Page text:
Saturday, September 24
Better than: More than a few ’90s Dead shows I could mention.
Set openers don’t get much more inviting than “Real Slow,” a slyly seductive scene setter wherein “people come from miles just to take a seat and watch the show.” Better yet, North Carolina-based Megafaun expanded upon their loping call to this intimately communal cultural campfire in a particularly bewitching way, subtly accelerating and decelerating the tune’s heady midtempo roll with droning guitars. And it just kept getting better during Saturday night on Houston Street, with the quartet offering a sort of sweet, Southern post-jamband succor against the knucklehead parade under way right outside the door.
No strangers to the pleasures of either musique concrète or free jazz, the Durham, North Carolina-based quartet opt for old-fashioned emotional honesty on their eponymous fourth album, whose inclusive-Americana vibe evokes the Dead’s American Beauty, Phish’s Billy Breathes, and other early-’70s country-rock revivalists of recent vintage (San Diego’s Donkeys, upstate’s the Duke and the King). But Megafaun possesses a shambolic charm all its own. Bandmember brothers Phil and Brad Cook’s earnest introduction of opening act Doug Paisley, a quietly devastating country singer, indicated their intentions no less than the grinning experimentalism that soon revealed itself in the electronic interventions and playful hand-percussion polyrhythms of “These Words.”
Lacking the calculated anticharisma of a Jeff Tweedy or the virtuosic authority of a Trey Anastasio, Megafaun compensates with an up-with-weirdos bonhomie. (New bassist Nick Sanborn turns out to be a valuable addition, too.) “This could be something of a stunt, but it’s not,” Phil Cook said by way of introducing drummer Joe Westerlund’s vocal showcase. “It’s a very honest sentiment. Westerlund grabbed a guitar and sang “Second Friend” (Poco meets Bread) as the other three cozied up around a single mike, bluegrass style. Westerlund is otherwise Megafaun’s wild card; a shaggy, bearded Dennis Wilson sort of wild card.
And Westerlund turned out to be just what the doctor ordered when things went weirdly askew about two-thirds in. After concluding “Kill the Horns,” which Phil Cook introduced accurately as “the darkest tune we have in our set,” Cook went off on a yapping audience member in a thoroughly uncool—and utterly refreshing—way because, well, “sometimes shit just has to be called out.” When the boogie-ing “Carolina Days” didn’t restore the vibe, Westerlund jumped out from behind his drums to improvise a cockamamie version of “Wild Thing” that evolved into the Phish-lite prog-grass surrealism of “Eagle.” Disorder temporarily restored.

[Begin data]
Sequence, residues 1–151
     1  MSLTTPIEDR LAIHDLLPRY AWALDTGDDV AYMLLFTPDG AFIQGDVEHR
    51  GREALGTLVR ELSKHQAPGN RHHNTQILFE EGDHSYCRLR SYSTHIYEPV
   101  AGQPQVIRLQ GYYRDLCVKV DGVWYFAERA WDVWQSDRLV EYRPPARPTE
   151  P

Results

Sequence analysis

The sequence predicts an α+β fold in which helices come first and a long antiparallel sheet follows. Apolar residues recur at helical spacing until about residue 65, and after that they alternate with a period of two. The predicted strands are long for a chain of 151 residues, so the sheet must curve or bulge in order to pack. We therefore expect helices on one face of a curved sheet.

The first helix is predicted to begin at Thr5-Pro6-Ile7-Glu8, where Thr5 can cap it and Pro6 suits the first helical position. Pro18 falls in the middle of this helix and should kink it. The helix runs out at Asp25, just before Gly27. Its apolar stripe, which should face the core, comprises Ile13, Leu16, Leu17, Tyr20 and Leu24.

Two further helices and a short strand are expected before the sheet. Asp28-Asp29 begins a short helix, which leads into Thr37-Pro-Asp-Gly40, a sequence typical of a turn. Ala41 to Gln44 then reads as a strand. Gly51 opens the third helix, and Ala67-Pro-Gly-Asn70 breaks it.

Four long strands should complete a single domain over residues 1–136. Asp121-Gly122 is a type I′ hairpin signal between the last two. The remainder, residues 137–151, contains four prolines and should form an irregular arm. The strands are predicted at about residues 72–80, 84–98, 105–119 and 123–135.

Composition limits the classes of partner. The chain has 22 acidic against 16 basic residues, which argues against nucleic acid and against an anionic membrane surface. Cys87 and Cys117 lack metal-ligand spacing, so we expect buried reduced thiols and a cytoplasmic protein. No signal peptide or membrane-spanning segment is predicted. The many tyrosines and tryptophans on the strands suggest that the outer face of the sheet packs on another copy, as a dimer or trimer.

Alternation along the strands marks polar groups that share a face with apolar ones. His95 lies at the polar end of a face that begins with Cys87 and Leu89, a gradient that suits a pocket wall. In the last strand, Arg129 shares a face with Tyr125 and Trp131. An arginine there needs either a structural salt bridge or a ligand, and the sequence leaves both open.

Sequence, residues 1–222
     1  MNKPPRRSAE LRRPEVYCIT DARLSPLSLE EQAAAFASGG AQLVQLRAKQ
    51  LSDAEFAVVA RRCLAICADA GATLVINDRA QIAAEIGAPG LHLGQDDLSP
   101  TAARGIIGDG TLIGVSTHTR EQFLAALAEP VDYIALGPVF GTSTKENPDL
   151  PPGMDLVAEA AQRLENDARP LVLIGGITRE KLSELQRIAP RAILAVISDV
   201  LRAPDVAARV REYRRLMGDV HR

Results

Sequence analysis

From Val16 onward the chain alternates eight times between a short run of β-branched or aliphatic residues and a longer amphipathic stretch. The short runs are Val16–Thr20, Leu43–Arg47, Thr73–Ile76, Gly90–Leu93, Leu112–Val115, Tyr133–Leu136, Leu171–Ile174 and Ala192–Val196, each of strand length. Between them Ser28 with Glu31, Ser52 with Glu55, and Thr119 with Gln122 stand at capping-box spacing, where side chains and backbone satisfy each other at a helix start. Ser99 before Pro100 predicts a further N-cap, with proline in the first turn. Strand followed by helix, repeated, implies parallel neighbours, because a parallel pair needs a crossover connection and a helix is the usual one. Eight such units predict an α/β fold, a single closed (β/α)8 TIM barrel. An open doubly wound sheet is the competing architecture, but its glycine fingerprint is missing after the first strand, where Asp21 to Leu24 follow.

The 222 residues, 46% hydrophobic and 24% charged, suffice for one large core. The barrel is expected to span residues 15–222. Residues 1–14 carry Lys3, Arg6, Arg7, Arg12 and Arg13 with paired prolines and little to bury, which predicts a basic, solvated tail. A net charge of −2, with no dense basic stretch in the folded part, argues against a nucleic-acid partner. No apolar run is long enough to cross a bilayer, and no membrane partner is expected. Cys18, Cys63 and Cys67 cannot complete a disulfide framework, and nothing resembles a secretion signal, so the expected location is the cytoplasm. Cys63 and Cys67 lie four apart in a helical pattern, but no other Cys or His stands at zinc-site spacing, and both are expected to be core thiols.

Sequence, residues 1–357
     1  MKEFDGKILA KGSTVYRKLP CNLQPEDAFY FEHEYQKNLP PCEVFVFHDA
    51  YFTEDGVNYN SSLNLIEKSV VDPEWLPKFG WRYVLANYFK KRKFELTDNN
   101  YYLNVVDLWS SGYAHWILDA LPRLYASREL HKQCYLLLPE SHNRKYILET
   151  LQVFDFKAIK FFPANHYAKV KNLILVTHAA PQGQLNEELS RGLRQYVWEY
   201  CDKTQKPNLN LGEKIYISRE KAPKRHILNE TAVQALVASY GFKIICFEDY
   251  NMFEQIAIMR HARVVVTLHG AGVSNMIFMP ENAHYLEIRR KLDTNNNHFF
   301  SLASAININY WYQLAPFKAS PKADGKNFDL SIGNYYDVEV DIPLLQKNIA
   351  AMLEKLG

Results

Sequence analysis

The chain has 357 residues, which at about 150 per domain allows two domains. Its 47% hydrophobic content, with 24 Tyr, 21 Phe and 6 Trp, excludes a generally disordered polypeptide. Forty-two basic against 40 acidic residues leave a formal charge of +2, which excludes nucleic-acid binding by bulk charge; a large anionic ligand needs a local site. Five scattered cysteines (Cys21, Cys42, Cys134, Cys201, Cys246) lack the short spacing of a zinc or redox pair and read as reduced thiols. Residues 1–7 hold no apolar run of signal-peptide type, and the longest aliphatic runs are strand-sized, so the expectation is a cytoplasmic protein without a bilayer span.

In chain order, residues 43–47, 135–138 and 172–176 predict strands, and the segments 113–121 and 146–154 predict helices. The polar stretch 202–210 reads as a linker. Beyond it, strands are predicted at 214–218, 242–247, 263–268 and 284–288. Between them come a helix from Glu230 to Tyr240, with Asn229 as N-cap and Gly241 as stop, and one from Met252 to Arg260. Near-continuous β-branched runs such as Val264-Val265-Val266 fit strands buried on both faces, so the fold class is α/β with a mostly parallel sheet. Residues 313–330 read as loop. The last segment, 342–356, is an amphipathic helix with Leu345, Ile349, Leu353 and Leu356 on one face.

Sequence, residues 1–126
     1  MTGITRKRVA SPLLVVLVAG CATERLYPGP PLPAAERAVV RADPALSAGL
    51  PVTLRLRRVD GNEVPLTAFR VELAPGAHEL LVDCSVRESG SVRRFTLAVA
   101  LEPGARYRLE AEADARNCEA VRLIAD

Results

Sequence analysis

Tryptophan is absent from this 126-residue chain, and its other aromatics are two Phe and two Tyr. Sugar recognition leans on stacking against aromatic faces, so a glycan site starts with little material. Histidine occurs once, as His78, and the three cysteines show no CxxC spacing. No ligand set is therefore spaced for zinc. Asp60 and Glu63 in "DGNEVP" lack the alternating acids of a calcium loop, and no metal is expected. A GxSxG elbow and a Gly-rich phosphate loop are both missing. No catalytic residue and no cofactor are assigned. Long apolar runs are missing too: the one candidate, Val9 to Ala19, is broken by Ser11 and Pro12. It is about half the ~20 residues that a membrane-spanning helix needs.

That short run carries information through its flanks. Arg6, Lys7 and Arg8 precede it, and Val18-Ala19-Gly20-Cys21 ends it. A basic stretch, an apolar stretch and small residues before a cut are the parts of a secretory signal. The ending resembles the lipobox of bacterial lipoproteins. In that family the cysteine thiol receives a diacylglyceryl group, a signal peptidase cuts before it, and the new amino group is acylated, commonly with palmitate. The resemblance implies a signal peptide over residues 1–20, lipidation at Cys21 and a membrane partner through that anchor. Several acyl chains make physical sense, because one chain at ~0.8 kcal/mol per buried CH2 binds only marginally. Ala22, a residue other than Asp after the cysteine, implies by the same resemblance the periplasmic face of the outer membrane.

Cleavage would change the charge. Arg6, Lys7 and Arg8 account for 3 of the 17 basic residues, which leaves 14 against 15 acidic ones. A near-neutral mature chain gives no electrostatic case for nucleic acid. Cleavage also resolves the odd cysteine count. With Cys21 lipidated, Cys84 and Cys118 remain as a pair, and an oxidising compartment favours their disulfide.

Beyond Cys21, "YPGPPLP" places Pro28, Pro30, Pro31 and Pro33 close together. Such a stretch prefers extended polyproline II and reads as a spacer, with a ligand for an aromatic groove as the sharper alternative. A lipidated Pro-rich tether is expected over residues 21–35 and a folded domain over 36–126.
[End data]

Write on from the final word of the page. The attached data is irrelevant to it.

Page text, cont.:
Megafaun have come a long way from the scrappy trio I saw opening for Akron/Family a few years ago. They seem like pretty happy guys, and yet dark songs like “Get Right,” with its “broken-heart stories and their broken-heart metaphors,” and how closer “Lazy Suicide” (with jolly audience sing-along) tend to predominate, for better or worse, at the expense of the gibbering electronics, unexpected mood shifts, and, especially, often remarkable horn arrangements (especially those by Matt White of the terrific Richmond, Virginia, jazz group Fight the Big Bull) heard on their albums. But you get the feeling there’ll be plenty of time for all that and more as Megafaun inevitably finds its audience—and vice versa—because they certainly deserve it.
Critical bias: Their publicist bought me a beer during the show, which I immediately spilled all over my arm while wishing they played and sung just a tad tighter.
Overheard: “Play something to make my heart melt!”
Random notebook dump: I’m sure I’m not the first to note that Brad Cook looks a heck of a lot like Al Franken with a banjo.
Kill the Horns